Monday, November 7, 2022

Long Road: Pearl Jam and the Soundtrack of a Generation


Good books about bands are hard to write.  If they are based on a tangible relationship with the band, they tend to be too self-referential.  The same is true of books that lean into the writer’s personal opinions and preferences. They easily bleed into vanity projects, more appropriate for, say, message board posting than publication. And in our post internet/post Wikipedia world, it is hard for a straight factual accounting to add much value when the same information is just a Google search away.

However, I am happy to report that Steven Hyden’s new book manages to avoid all the traps above, and Long Road: Pearl Jam and the Soundtrack of a Generation is genuinely excellent. Informed by his own lifetime fandom (which has had its peaks and valleys, obsessive and ambivalent periods), the book is remarkably insightful, reflective, and revisits the bands history through several conceptual lenses.  He unpacks just how steeped both Pearl Jam and its fan base is in a nineties cultural orientation that profoundly influenced how the band was understood in its time and remembered outside of it.  He highlights their endurance as an important part of their legacy, no small thing given how self-destructive the grunge era proved to be.  He understands the arc of their career as a journey and does admirable work guiding the reader through its different phases with a critical distance that remembers what it was like in the moment. He gets that Pearl Jam the studio band and Pearl Jam the live band are discrete but equally integral parts of their identity. He gets what it means to be a Pearl Jam fan, then and now.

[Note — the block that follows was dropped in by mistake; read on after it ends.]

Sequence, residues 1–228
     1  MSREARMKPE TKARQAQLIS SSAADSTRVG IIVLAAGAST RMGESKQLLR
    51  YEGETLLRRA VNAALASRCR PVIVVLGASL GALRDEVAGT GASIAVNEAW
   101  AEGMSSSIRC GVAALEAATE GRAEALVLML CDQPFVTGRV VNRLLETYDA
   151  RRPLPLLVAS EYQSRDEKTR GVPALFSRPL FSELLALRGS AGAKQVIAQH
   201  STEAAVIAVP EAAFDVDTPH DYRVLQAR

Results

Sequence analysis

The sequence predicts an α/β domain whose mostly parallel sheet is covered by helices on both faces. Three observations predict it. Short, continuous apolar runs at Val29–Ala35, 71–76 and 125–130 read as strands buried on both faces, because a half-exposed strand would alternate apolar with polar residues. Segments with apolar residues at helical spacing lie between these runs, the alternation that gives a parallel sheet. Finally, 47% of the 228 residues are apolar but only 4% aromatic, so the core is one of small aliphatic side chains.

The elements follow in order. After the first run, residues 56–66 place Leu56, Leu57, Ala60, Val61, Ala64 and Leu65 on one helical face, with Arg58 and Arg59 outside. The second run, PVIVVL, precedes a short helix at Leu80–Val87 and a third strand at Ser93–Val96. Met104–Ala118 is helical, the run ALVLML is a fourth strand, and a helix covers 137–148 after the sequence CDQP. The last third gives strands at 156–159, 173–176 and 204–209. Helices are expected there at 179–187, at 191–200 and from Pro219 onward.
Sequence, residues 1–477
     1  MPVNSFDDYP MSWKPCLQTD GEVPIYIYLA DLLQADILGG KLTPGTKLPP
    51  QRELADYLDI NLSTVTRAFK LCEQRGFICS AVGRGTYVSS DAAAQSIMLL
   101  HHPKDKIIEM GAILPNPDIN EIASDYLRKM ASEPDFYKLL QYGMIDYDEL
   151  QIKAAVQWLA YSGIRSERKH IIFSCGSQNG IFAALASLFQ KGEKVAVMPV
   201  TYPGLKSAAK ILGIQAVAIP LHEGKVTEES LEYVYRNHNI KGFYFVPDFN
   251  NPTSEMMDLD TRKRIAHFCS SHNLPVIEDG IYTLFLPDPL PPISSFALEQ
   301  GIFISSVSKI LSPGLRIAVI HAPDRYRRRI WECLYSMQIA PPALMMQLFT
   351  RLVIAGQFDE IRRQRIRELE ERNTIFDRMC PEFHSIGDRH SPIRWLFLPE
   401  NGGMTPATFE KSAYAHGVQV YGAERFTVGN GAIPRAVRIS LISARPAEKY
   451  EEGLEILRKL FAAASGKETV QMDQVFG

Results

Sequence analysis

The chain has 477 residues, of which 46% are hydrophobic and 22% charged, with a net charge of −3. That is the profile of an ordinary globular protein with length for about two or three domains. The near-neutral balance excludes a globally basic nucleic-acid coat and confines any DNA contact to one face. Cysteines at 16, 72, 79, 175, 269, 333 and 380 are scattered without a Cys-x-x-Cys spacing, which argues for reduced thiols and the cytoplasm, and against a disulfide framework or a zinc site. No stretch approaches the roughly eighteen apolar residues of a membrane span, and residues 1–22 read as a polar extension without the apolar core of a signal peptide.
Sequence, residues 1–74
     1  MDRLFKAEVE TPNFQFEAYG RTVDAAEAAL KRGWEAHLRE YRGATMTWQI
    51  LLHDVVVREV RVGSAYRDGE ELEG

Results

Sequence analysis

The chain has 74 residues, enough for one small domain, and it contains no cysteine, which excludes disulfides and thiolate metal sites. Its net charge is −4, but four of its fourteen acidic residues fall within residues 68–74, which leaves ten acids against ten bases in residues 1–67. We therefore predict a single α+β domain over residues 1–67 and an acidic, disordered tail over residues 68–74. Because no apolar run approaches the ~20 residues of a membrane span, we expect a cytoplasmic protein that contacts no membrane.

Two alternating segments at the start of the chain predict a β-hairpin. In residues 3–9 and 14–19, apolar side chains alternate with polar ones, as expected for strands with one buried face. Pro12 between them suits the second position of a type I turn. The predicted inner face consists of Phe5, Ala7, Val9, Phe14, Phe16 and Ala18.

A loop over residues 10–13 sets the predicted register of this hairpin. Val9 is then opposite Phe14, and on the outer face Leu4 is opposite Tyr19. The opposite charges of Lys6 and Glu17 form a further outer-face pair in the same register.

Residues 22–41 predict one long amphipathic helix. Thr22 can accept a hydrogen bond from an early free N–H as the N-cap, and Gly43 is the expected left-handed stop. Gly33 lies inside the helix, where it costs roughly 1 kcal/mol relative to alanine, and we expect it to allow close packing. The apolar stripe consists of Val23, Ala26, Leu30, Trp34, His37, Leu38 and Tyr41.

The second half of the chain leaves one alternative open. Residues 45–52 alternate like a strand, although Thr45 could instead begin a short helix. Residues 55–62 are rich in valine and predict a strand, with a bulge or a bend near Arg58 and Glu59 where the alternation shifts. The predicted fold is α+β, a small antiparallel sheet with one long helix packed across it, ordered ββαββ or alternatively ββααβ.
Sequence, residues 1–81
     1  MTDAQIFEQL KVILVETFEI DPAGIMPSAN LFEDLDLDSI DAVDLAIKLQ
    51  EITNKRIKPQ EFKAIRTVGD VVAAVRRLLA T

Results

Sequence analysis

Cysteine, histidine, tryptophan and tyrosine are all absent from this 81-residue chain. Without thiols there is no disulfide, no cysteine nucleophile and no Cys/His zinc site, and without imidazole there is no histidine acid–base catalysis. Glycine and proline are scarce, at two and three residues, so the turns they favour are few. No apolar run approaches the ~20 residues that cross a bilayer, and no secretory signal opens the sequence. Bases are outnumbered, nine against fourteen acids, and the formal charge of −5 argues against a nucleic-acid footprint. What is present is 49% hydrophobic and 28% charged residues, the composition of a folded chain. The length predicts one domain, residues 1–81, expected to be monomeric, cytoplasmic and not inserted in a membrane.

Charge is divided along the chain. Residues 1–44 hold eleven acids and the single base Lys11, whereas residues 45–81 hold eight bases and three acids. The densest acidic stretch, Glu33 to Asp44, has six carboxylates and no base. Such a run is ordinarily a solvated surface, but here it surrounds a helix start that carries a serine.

While we wait for the next major event in Pearl Jam country, I highly recommend picking this up.   Long Road: Pearl Jam and the Soundtrack of a Generation is well worth the fandom’s time.